Some doors come with all the accessories included, while others are ready for your custom touch. If you’re replacing an existing door, you may have the option of moving accessories like doorknobs from the older door to the new one if you’d like. You generally want to choose doorknobs that coordinate with the rest of the hardware used throughout the house. If you’re installing closet doors, you may have a little more room for customization, and you might consider decorative knobs and handles to complement the décor in the room.

Styles, Materials, and Finishes

The traditional style for an interior door is a panel door. These swing outward and feature a simple pattern of squares or rectangles. However, this isn’t your only option for an interior door. Other choices you might consider include:

  • Pocket doors: These slide into the wall, offering a sleek design that’s ideal for small spaces.
  • Sliding doors: Sliding doors, frequently used for closets, eliminate the issue of finding enough room for a panel to swing, as they slide in front of or behind one another.
  • Folding doors: Typically featuring a simple bi-fold, these doors fold in on themselves, halving the necessary swing. These are also popular for closets.
  • French doors: This dramatic style features two doors rather than one. The doors feature one or more glass panes.
  • Dutch doors: Popular for kitchens, Dutch doors have an upper half and lower half, each of which can swing independently of the other. The upper half typically features glass panes.

Sound Rating

When you’re shopping for doors, you’ll see an STC (sound transmission class) rating. This tells you how much sound loss you’ll experience through the door. A rating over 60 is considered soundproof. Around 40, you’ll hear some sound through the door but enjoy a noticeable dampening effect. If the door is rated 25 or lower, you’ll be able to hear most things through it, including regular speech.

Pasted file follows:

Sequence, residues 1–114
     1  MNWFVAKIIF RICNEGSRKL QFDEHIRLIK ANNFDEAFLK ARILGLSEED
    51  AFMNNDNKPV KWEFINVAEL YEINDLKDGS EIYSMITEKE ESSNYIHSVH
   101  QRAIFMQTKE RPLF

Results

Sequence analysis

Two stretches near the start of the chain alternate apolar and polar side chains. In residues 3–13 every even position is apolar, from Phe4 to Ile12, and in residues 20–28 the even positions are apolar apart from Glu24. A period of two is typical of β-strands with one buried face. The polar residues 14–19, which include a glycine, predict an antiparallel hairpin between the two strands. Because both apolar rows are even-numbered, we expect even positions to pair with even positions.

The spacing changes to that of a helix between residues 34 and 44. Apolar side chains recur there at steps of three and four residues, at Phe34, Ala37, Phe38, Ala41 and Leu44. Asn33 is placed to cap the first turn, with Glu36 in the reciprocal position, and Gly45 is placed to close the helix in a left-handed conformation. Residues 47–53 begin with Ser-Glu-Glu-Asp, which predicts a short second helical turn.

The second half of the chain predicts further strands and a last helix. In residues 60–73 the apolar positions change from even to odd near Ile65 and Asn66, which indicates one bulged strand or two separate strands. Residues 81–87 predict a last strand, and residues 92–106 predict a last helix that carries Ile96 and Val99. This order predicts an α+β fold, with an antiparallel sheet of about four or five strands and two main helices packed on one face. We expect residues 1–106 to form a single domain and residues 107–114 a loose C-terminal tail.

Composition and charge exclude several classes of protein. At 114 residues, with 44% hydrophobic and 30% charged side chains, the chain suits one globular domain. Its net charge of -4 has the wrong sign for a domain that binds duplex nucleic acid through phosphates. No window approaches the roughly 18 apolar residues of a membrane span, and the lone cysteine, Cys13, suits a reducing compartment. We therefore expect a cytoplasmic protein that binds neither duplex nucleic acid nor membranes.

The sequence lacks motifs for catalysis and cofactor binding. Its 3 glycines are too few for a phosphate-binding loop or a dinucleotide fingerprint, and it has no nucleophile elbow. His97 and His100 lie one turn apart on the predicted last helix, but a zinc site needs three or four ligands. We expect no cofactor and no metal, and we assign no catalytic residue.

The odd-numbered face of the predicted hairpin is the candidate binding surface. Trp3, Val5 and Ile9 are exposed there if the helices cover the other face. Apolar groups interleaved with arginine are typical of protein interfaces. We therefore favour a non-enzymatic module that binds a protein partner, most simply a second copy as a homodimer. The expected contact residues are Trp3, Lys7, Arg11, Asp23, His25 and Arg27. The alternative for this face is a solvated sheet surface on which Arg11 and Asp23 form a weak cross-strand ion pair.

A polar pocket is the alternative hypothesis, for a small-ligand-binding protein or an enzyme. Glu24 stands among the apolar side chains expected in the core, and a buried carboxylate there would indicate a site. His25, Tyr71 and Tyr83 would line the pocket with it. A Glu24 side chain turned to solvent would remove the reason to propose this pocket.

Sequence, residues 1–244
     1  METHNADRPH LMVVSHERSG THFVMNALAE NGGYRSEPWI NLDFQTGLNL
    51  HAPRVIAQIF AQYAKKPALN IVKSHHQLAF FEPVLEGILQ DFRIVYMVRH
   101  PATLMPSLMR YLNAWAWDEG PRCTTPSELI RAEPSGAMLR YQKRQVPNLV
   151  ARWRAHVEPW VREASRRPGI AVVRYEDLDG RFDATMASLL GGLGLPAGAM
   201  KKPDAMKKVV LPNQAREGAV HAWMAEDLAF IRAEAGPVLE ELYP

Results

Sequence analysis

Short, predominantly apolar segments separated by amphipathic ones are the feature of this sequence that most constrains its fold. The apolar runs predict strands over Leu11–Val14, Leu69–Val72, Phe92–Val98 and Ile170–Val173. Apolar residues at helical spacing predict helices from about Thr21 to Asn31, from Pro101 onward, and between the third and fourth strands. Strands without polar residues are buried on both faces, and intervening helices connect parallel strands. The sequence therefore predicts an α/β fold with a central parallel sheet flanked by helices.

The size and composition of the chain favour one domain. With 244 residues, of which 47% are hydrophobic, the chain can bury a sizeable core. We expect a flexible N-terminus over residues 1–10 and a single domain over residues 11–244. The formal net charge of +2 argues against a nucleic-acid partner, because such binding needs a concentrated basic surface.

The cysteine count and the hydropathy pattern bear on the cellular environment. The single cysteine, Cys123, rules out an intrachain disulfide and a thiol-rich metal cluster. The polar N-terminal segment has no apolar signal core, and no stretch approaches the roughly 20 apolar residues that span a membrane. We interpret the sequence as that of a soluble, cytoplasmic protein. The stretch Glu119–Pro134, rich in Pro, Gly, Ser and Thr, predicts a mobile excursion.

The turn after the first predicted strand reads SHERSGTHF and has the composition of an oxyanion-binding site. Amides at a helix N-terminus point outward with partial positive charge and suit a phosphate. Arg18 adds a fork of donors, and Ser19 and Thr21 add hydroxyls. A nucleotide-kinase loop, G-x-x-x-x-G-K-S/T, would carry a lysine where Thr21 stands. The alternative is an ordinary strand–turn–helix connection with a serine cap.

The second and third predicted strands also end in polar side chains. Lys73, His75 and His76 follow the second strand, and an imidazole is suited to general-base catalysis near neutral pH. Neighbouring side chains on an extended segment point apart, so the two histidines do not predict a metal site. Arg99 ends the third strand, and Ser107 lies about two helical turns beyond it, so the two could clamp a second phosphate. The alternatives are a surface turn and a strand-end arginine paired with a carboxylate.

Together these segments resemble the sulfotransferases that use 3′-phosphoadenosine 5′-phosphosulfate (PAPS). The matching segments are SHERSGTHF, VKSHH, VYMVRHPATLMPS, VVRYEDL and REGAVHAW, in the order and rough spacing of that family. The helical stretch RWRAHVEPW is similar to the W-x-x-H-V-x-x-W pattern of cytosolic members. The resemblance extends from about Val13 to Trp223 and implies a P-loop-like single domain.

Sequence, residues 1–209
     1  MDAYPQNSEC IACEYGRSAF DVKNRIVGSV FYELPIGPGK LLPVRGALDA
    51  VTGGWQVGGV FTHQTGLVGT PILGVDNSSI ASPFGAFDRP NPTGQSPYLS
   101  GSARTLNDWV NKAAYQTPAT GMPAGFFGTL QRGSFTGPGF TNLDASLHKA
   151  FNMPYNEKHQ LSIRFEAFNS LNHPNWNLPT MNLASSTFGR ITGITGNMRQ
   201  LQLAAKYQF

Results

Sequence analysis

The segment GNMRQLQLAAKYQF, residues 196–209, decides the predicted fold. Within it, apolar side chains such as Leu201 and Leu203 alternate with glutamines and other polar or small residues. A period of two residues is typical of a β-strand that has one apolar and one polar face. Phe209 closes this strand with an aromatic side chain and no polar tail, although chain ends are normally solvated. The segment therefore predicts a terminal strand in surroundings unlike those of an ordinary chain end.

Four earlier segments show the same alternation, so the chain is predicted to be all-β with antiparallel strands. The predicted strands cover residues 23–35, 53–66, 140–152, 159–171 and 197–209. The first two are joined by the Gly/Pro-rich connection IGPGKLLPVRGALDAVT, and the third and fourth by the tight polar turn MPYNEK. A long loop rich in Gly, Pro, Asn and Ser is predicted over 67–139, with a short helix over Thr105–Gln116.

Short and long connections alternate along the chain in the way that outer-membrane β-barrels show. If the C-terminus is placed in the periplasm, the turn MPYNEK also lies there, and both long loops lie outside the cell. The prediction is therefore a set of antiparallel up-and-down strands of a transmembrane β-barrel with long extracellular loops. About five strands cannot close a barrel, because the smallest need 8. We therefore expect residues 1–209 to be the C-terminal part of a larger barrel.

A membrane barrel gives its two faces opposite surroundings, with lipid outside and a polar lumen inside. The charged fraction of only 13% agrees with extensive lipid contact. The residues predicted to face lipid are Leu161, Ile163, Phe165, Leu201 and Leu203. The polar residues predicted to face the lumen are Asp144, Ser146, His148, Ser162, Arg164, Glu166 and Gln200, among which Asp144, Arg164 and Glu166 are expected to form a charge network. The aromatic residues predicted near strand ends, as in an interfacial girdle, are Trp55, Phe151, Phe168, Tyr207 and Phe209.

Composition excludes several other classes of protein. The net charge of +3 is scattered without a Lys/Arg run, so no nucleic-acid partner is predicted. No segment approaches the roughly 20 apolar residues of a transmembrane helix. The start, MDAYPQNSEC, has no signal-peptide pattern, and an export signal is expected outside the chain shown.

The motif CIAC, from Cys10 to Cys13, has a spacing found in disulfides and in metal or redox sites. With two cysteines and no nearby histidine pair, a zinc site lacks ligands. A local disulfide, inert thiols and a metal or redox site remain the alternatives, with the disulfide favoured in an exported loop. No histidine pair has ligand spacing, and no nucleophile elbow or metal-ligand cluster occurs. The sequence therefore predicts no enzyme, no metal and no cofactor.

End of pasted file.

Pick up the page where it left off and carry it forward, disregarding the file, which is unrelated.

Are You Planning on Painting It?

If you’re planning to paint your new door, you should definitely do so before you hang it. Existing doors should be taken down before painting. Consider the surface of the door before choosing your paint. Water-based paints are often the more popular option because they have fewer fumes, dry faster, and are easier to clean up. Soap and water will take care of spills.

Oil-based paint has some lingering smells you’ll need to deal with and is best used outdoors or in an environment like a garage. It can take up to 24 hours for oil-based paints to dry. If you happen to spill, you’ll need acetone, turpentine, or mineral spirits to take care of the mess. However, there are some cases when you really need an oil-based option. Use an oil-based paint for:

  • Stained surfaces.
  • Woods that drip tannin or sap, such as cedar, redwood, or cypress.

If you know ahead of time that you plan to paint your door, you can select the door material with this in mind, and choose a product that’s compatible with your preferred paint.

The right door will fit your home, your needs, and your budget. Whether you want an affordable replacement for a damaged door, or you’re looking for upscale options for an elegant home, you can find just what you’re after with a little smart shopping.

https://www.builddirect.com/learning-center/doors/interior-door-buying-guide/